Listen to the podcast on all your favorite streaming platforms!
Hello and welcome to The Thoughtful Realtor podcast. I'm Connie Chung.
And I am Kenny Gong, and we are the founders and partners of Willowmar Real Estate.
This is a show for those interested and invested in the world of residential real estate.
Every episode, we sit down for insights, stories, and conversations about all things in the real estate market today, running a real estate team in California, NorCal, and SoCal, and finding our way as leaders and business partners.
And today, we have another episode of a three-part series. We are sharing our experiences of buying our first home, what we learned, and what we wish we could have done differently, and all the insights, especially as insiders in this profession. So, who are we going to have in the hot seat today?
Connie looks ready.
Oh, Connie. Okay, Connie.
Let's get this over with. Okay.
We're going to talk to Connie about the first home that you purchased.
The first home that we purchased. Well, you know how a lot of clients–home buyer clients–are on the spectrum of how many houses that they feel like they need to see in order to feel comfortable and confident in writing an offer. And, usually, there’s ones who can do so in a weekend of touring to those who feel like they need to see fifty, a hundred homes and have their spreadsheets. I will say I fit on the spectrum of needing to see a handful of homes, but not even needing to.
I think I am the type of person who sees potential in almost any home. So, I think Brian and I saw two homes and the first home was in the Dogpatch of San Francisco. I think we wrote an offer on it. We didn't get it. It was pretty competitive. It was a single family home.
And so, Kenny, like you mentioned in the last episode about buying your home, that realtor competitive spirit in me came out, and I wanted to get into a home immediately after, or just start thinking more seriously about getting a home. We were still kind of casually looking, though.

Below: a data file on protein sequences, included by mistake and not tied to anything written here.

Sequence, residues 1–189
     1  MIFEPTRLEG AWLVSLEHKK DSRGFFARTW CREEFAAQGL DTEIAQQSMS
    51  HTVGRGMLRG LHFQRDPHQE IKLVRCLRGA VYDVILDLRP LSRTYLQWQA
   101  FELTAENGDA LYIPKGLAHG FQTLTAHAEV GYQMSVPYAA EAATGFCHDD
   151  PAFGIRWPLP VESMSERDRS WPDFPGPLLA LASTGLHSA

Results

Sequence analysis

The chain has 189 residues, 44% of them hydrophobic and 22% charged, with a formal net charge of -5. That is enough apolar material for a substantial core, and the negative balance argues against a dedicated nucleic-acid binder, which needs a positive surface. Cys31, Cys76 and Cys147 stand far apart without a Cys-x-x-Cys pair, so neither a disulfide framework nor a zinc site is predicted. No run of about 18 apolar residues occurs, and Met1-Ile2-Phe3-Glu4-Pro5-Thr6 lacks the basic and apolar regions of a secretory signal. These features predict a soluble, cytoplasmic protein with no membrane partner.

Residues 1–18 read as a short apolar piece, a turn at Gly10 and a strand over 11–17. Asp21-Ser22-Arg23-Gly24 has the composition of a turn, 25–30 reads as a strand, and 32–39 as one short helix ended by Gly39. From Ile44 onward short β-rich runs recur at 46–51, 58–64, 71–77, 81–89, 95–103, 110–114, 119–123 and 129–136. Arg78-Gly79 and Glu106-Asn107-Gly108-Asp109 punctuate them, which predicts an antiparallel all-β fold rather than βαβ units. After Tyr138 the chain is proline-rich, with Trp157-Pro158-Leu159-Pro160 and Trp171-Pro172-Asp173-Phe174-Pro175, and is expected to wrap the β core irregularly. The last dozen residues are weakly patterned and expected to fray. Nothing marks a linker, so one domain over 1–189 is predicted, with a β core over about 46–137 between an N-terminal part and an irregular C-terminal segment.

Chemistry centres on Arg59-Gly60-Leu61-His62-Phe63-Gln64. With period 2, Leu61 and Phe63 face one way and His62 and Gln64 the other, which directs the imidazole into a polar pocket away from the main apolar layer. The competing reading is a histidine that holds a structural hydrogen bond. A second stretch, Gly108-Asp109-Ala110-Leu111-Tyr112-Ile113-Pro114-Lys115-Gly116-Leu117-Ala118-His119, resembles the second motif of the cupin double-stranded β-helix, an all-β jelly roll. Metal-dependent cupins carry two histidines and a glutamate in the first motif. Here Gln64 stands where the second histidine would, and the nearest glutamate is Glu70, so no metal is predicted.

I think we had the idea of wanting a single family home in the city. But one afternoon, we were dogsitting. We were meeting up with our cousins to do a doggy playdate at Alamo Square Park. And Brian saw an open house sign. Even though I work as a realtor and I love going into open houses, sometimes I also do not like going to open houses just because I have to turn it on and do the whole thing.
I was out trying to enjoy an afternoon and not trying to talk with another realtor. So, I actually just stayed outside and Brian went inside to look at the home while I was out with the dogs. And he's like, “Oh, Connie, I really like it.”
And I was like, “Oh, great.” It turned out to be a duplex, which is a two-unit building. And we weren't looking at them. But, Brian, as you may or may not know, can be very picky at times. And I am of the mentality that if Brian likes something, we must go for it because I tend to like a lot of things. So, I didn't even end up going into the open house because I was just, yeah, but when we got home, I pulled up the listing and funny enough, I learned that I was actually in that home.
I remembered this home was on the market two years prior and it sold that time. But my colleague had listed it, and I actually helped her host the open houses two years before, so I remembered parts of the home and it was like, “Okay. I can see this happening.”
We chatted with a few different lenders and the nice thing is, because it's a duplex, although it was at a much higher price point than we could originally afford and were originally looking at.
But, with it being a duplex and having a second unit to bring in income if you're renting it out, our lender was able to qualify us at a higher purchase price because of that rental income for the second unit. So, we worked out the numbers and did things very quickly. Because as a realtor, day to day, we already know the value of homes just being out in the field and helping clients pulling comps for different properties, and having a general sense of what the value is for certain homes.
The tricky part was I was just into finishing up my second year as a realtor. And for those who don't know, realtors are independent contractors. And lenders require two years of tax returns for independent contractor status. So I had not filed for my second year, and a lot of lenders were like, “Nope, sorry, we can't lend.”
So we called up a bunch and finally found one mortgage broker that was able to lend. They just needed more documentation from me to file my returns as fast as possible and do a number of things. So, I was in the mindset to make it happen. I think we saw it one weekend right before Thanksgiving, and I think on the day before Thanksgiving, we wrote our offer.
We were the only ones on the table and then had a little back and forth, but then, we got the home.
So amazing. And it's incredible. What an opportunity because it's a beautiful, beautiful property that is in a fantastic neighborhood. And no other offers.
Because of seasonality and right before Thanksgiving, probably.